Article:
Kansas county pays hackers reduced ransom: 'No way we could even come close to meeting their demand'

Jason Tidd
Topeka Capital-Journal
Cybercrime is a national security issue, as cybercriminals continually expand their reach in both the public and private sectors.

Government officials in a Kansas county have paid hackers a reduced ransom after a cyberattack crippled computer systems for about two weeks.

Pottawatomie County authorities announced Friday that computer systems and machines are being restored after a ransomware attack encrypted several servers on Sept. 17.

"The ransom was reduced by more than 90 percent from hackers’ original demand, an almost unheard-of outcome, every saved dollar of which is taxpayer revenue the county keeps to serve our citizens," County Administrator Chad Kinsley said in a news release.

County officials declined to release the amount of the original ransom request and the final cost to taxpayers.

"The County’s insurance carrier paid most of the ransom, and the County covered the rest," spokesperson Becky Ryan told the Capital-Journal in an email. "Due to the ongoing investigation, I am unable to share more details at this time."

While the sheriff's office and emergency response systems weren't compromised, local officials "did not share many details about the attack because that is the right thing to do to protect the County from further attacks," the news release said. Law enforcement started investigating the cyberattack as county representatives negotiated with the hackers.

More:A Kansas county is recovering from a cyberattack 13 days ago. Local governments are at risk, experts say.

Ransomware cybercrime events have become more common across the country. Hackers lock computer systems and demand payment. Refusal often means losing data forever, which can be more costly in the long run.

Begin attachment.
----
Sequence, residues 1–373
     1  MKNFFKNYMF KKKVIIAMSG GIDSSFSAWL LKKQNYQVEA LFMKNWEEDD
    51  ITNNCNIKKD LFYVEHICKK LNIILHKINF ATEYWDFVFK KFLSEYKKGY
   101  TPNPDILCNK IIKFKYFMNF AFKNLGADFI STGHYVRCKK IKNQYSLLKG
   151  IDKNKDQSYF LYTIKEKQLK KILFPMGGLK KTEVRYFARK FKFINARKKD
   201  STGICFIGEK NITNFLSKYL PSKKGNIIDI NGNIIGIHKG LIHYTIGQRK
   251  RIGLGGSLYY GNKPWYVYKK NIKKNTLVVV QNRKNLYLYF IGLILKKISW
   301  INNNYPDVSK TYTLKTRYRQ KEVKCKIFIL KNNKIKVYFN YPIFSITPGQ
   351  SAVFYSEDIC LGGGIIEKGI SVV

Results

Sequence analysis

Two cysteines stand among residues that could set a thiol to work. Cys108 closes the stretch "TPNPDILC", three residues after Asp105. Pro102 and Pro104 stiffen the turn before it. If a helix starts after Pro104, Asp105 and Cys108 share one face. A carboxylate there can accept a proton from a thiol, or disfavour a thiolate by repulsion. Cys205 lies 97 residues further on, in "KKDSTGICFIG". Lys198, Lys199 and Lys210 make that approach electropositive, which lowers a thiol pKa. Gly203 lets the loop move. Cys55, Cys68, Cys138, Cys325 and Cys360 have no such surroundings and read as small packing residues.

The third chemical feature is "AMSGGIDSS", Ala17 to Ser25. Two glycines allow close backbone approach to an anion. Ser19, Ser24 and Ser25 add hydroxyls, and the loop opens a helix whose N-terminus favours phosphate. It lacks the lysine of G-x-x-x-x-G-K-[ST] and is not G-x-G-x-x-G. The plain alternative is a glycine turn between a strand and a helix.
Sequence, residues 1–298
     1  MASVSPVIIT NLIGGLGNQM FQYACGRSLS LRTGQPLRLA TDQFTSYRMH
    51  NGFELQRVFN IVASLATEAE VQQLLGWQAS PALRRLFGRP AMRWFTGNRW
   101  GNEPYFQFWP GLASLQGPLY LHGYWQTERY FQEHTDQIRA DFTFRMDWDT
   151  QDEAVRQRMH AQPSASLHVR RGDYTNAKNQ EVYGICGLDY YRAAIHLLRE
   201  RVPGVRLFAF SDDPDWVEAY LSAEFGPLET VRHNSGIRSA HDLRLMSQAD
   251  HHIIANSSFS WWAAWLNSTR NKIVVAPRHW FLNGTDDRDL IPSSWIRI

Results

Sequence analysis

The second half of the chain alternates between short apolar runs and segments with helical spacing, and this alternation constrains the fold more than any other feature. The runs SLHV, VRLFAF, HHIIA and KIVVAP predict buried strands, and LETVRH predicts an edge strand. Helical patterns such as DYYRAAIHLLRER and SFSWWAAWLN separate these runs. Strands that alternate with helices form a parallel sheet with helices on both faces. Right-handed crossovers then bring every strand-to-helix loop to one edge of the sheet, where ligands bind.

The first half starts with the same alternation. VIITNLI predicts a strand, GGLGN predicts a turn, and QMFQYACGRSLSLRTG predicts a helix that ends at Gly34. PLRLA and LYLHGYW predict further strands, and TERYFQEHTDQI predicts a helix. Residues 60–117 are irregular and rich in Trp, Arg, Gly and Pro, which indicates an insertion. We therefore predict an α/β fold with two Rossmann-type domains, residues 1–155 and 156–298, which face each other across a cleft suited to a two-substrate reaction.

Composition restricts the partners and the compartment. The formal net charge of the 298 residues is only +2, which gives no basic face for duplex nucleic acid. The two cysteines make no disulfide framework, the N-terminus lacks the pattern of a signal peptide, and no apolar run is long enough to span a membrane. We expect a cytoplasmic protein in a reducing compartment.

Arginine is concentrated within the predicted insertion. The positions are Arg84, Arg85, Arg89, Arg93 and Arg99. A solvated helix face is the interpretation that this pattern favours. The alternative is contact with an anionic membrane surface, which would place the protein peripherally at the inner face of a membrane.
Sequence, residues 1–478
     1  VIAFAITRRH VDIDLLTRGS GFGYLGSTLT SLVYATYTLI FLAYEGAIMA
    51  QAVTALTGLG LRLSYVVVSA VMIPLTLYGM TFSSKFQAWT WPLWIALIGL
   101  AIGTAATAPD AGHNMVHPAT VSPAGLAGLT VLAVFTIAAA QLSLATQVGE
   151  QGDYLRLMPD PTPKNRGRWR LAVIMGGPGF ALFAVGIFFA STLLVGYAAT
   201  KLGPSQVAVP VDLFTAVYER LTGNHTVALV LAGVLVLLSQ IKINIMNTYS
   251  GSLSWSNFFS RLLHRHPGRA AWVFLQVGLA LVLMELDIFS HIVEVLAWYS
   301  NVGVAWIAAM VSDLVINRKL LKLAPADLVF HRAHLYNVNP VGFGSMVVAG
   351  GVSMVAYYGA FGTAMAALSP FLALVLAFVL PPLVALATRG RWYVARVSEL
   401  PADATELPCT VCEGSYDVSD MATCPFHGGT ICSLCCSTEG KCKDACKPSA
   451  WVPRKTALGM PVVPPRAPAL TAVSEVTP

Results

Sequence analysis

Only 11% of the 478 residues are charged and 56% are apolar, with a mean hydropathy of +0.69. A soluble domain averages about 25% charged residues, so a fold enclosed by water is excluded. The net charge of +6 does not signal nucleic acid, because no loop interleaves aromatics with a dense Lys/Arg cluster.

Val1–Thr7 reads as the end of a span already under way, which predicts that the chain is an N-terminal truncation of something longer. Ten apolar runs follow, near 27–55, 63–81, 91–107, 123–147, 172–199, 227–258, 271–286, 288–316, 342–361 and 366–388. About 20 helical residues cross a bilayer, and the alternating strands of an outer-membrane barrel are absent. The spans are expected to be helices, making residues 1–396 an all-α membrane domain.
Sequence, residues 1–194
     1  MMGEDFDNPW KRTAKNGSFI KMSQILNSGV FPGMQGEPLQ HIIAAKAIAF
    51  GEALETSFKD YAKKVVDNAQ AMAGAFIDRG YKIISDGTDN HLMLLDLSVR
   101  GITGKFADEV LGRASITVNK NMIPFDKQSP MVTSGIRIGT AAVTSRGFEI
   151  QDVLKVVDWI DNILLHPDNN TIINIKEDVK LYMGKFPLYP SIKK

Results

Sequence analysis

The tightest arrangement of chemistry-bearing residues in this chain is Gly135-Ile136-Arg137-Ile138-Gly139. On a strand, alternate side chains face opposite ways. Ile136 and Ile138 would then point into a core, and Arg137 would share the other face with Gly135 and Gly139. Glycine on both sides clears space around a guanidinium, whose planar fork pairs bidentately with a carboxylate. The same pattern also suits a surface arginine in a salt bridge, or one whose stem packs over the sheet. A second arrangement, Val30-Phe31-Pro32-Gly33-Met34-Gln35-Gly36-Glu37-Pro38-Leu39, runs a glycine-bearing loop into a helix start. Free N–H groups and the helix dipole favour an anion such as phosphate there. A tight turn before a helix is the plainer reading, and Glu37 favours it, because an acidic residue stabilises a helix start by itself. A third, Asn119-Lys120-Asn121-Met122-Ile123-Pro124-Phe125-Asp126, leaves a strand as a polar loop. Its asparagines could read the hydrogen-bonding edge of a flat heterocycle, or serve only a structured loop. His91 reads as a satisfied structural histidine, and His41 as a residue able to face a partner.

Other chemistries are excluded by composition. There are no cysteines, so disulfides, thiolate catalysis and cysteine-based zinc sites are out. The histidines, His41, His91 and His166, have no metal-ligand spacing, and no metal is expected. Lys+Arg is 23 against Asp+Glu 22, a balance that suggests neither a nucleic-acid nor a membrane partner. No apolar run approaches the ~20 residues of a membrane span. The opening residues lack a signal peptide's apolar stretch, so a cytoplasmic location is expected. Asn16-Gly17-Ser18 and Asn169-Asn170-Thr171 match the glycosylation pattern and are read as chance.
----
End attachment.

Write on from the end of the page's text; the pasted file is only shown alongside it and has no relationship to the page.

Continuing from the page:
The Federal Bureau of Investigation discourages paying ransoms because it doesn't guarantee you will get your data back and it encourages further attacks.

County officials said the resolution was "extraordinary" due to the lowered ransom and the relative speed with which the attack ended. Some cyberattacks can take several weeks or months to resolve.

"We are a small county with small resources," Kinsley said. "With the extraordinary demands that the COVID-19 pandemic has placed on local governments like ours, we wanted to make sure that the hackers understood that there was no way we could even come close to meeting their demand.

"We were focused on protecting taxpayers and doing everything we could to resolve the issue with as little as possible. We believe we succeeded at that."

The IT team and expert advisers have now installed additional sensors on servers to detect and prevent additional attacks. Forensic analysis is underway to determine how the hackers gained access. That process can be time-consuming, taking up to eight hours per computer and 150 desktops and laptops to go through.

All Pottawatomie County offices are open and serving the public, though certain business may take more time while computers are being fully restored. Email and driver's license systems are still down.